Rep. Ramsey introduces legislation to increase safety of diabetic students

Rep. Matt Ramsey in a file photo.

State Representative Matt Ramsey (R-Peachtree City) announced Feb. 6 the introduction of House Bill 879, legislation that would ensure schools are prepared to care for students with diabetes.

“This measure will ensure that every diabetic child in Georgia has the opportunity to strive for excellence in a safe, healthy, and supportive school environment,” said Rep. Ramsey.

“My child was diagnosed last year with Type 1 diabetes, and I have learned first-hand the hourly challenges a child with diabetes faces in managing their disease in a school setting. Our family has seen the tremendous benefit of having a school nurse, teachers, and school administrators willing to seek the training and information necessary to provide a safe school environment for our diabetic child. HB 879 will ensure that every child receives that same benefit.”

HB 879 would require each school system to have a minimum of two personnel trained in the administration of diabetes treatment.

The Department of Education and the Department of Public Health, in conjunction with the Georgia Board of Nursing and the Georgia Composite Medical Board, would develop guidelines for the designated personnel who care for students with diabetes.

The training guidelines would include recognizing and treating hypoglycemia and hyperglycemia, understanding the appropriate actions to take when blood glucose levels are out of the target ranges, and understanding physician instructions.

Trained personnel would also be required to administer tests to check blood glucose levels and recognize situations that require emergency assistance.

Additionally, HB 879 allows students with diabetes to check and regulate their own blood glucose levels with permission from a parent or guardian. This would include checking blood glucose levels, administering insulin and treating hypoglycemia and hyperglycemia.

Diabetes is one of the most common chronic diseases in children and adolescents. Approximately 151,000 people below the age of 20 years have diabetes, and more than 13,000 children every year are newly diagnosed with Type 1 Diabetes.

HB 879 is co-sponsored by Health and Human Services Committee Chairman Sharon Cooper (R-Marietta), House Education Committee Chairman Brooks Coleman (R-Duluth), and Representative Ben Watson (R-Savannah), a family physician.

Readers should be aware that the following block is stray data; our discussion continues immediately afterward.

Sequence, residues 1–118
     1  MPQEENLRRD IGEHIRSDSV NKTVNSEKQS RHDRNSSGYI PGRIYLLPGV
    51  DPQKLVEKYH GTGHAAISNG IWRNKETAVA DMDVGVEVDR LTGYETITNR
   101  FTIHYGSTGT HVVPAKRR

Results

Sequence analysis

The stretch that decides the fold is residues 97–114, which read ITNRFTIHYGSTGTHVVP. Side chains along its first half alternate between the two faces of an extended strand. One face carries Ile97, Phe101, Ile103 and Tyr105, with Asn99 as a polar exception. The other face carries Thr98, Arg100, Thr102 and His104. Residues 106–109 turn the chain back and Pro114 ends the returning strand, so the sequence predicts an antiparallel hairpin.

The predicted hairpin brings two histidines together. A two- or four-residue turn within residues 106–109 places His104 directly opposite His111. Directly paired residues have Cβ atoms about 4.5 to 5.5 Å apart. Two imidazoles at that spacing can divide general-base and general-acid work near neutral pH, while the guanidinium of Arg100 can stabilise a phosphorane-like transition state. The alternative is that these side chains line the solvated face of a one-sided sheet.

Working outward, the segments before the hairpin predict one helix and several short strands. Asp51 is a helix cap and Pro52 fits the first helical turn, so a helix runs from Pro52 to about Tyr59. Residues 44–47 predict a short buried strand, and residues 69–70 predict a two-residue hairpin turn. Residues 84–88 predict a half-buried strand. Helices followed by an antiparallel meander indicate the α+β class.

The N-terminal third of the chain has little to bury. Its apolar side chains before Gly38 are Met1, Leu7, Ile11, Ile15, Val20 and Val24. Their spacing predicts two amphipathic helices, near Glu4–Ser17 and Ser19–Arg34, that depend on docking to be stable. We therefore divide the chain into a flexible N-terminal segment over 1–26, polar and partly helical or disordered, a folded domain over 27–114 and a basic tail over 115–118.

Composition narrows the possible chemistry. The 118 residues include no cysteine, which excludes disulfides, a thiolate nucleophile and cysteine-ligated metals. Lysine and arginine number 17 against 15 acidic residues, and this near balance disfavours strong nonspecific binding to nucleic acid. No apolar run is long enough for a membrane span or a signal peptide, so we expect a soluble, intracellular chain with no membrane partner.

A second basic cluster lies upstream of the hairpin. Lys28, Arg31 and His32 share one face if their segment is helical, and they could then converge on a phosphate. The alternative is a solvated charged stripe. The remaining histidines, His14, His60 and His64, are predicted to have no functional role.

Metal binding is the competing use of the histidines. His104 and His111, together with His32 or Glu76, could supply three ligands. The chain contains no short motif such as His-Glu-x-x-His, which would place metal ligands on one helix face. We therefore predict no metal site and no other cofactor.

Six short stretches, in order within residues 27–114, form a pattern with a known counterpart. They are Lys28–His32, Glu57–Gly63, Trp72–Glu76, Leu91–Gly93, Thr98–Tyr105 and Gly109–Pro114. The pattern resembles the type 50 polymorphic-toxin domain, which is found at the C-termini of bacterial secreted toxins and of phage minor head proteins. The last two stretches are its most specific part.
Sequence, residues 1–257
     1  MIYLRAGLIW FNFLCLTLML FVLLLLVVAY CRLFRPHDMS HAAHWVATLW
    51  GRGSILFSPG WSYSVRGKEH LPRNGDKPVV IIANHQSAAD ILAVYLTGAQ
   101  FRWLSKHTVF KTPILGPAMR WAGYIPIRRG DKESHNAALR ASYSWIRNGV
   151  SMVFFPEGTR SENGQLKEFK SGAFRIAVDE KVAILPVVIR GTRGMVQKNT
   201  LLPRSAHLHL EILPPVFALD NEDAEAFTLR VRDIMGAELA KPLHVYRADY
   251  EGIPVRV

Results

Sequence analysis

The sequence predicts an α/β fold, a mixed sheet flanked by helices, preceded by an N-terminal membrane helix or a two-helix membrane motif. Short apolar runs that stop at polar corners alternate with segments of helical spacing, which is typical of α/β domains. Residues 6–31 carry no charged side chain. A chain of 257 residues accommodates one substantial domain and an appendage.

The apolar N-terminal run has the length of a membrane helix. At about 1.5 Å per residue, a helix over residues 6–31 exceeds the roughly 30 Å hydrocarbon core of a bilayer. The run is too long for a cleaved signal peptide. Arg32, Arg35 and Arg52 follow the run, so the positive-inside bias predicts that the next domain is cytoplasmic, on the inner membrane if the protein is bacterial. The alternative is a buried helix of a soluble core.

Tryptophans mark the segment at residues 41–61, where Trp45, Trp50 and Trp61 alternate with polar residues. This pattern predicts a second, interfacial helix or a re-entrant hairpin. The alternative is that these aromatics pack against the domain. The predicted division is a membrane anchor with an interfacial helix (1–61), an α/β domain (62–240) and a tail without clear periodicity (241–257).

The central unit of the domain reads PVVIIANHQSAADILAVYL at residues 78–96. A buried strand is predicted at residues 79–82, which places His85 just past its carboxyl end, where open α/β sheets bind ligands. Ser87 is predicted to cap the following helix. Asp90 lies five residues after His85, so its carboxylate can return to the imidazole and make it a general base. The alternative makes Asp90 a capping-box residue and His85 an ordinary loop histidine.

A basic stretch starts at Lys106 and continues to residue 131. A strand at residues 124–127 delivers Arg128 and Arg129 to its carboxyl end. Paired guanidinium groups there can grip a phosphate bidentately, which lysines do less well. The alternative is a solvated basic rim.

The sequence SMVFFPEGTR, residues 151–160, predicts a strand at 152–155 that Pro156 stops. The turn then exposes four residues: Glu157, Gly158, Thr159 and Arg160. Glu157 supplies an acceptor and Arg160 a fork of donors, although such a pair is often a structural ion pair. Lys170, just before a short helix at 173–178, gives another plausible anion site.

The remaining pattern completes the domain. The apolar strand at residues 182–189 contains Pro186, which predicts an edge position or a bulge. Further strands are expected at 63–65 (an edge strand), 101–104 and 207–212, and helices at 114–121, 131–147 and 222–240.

Ramsey represents the citizens of District 72, which includes portions of Fayette County. He was elected into the House of Representatives in 2007, and was elected by the House Majority Caucus to serve as their Caucus Vice-Chairman in 2010. He also serves on the Appropriations, Congressional and Legislative Reapportionment, Judiciary Non-Civil, and Regulated Industries committees.

Graced1
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THANK YOU, Rep. Matt Ramsey

I want to extend a heartfelt THANK YOU to Rep. Ramsey for introducing this bill.

As the parent of a Type 1 Diabetic child who is a student in Fayette County, I had contacted him in Oct 2009 in regard to a need for statewide legislation in the management of diabetes in our schools. The level of care and type of management has varied greatly from school to school and from district to district within Georgia.

Rep. Ramsey responded to the request and I have several emails from Crystal Jackson, Associate Director - Government Relations & Advocacy - American Diabetes Association indicating that Ramsey's staff had been in contact with her and with Randi Greene-Chapman, ADA's Georgia state advocacy director.

Unfortunately, I read in your article that his child has also been recently diagnosed with Type 1 Diabetes. While some may feel that his is totally a personal response, I would say that instead I, as a constituent, voiced a need and while he and his staff were gathering research - he too learned first hand how great a need this matter is for the students of Georgia.

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